How many sexual abusers start with touch on the outside of clothes . . . tell a child what they’re doing to the child is okay with the child’s parents . . . try to gain the child’s trust . . . then get ever more invasive . . . ?

    Tell the child it’s okay if some official-looking person at an airport makes you feel the way you do when you get touched like that, but it’s not okay anywhere else?

    That video was almost nauseating to watch; I can’t imagine how horrible it would be to a child experiencing something like that. Outrageous.

    Liked by 2 people

  27. Debra, The Border Patrol agents do a great job. Over the years they have saved the lives of thousands of Mexicans in addition to guarding the border. South Texas is a rugged place. The Lower Rio Grande Valley is pretty, but it is nothing but mesquite bushes and rough terrain from there to San Antonio.

    Liked by 1 person

  28. 6 Arrows, the same goes for the inspector: you can get paid to do this on this job! I’m not saying the inspectors are pedophiles . . . but what does it take to be willing to do such a job for no good reason? And how do you sort out would-be pedophiles, or make sure you aren’t conditioning your employees for such a “job” in the future? You couldn’t pay me enough to do that to someone’s child. If I were working in a children’s home and it was genuinely necessary for the safety of the institution, I’d still have a hard time with it, but just as it’s sometimes necessary to change diapers on an adult, it may be sometimes necessary to do this with a child who has been a danger in the past or a child you have good reason to believe to be a danger now. But to a child who poses no threat of any sort in a country that is supposed to be free? No way. If I were at all the swearing type, there would be an expletive in the middle of that previous sentence.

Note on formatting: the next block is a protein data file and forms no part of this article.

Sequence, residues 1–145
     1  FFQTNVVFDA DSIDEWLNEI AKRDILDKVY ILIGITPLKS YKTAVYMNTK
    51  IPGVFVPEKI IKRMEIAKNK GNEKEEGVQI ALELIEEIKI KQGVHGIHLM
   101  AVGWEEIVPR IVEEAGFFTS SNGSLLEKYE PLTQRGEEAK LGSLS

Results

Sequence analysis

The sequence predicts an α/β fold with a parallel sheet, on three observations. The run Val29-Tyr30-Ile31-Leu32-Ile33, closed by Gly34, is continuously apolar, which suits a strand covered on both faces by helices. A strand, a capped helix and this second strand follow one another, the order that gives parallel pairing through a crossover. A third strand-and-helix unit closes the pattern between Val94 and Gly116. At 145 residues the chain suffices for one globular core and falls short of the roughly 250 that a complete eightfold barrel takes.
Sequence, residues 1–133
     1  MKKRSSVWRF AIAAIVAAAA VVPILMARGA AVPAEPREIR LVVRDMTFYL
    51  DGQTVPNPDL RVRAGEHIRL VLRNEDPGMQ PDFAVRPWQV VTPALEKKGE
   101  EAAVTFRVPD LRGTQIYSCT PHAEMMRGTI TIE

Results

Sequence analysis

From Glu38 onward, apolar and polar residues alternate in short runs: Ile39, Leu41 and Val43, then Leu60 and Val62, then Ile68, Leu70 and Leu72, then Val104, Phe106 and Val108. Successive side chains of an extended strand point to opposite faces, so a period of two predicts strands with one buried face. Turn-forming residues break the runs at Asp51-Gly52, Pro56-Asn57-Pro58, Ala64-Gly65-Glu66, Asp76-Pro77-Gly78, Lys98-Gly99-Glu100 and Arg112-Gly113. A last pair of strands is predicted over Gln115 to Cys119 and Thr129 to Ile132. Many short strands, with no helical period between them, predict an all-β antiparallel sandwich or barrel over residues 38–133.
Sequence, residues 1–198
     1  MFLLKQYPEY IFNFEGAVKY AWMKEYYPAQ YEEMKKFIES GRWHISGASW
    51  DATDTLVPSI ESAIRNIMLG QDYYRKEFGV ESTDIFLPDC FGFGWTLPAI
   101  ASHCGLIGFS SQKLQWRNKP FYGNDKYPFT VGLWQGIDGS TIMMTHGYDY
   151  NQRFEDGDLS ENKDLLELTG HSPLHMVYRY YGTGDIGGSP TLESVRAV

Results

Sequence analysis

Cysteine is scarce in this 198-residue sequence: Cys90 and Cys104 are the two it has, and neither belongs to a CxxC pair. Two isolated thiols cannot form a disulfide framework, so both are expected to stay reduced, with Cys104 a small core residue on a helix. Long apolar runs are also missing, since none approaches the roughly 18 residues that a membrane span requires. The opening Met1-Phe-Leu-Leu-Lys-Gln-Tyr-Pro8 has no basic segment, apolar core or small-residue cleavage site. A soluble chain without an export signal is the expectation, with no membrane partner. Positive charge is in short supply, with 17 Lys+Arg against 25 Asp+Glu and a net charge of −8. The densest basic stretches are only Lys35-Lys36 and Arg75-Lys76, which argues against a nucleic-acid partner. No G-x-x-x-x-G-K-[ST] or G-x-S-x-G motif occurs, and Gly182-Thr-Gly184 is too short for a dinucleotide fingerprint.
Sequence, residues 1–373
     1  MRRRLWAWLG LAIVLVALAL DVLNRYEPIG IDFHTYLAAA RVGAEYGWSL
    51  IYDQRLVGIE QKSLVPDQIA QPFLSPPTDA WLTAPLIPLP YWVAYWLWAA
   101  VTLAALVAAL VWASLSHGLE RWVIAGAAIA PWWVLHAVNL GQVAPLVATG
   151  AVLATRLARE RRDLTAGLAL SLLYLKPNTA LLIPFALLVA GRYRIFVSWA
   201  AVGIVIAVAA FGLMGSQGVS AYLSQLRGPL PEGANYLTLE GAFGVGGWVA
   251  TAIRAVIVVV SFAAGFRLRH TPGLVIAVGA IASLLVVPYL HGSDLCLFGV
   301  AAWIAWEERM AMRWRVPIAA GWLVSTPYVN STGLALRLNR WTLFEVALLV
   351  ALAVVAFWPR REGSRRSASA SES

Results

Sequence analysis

Liked by 2 people

  29. Now imagine that said child is returning from a trip in which he got raped by his uncle, or his neighbor has been telling him “This is no big deal; you can let me do it.”

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  30. Cheryl, exactly. I thought of the same thing (some time after I’d posted) that you said about the inspector: how would you even screen someone for a job like that? What background checks would you do? What would exclude a person from getting hired, and how would that be different from the job duties?

    And your 11:41 — another “exactly.” How could a kid under those circumstances not get confused over the wheres and whens and whys and whos of what constitutes appropriate touch? If it makes you feel icky, but an adult is saying it’s fine, especially after you’ve already been violated . . .

    Wow. Just wow.

    Liked by 1 person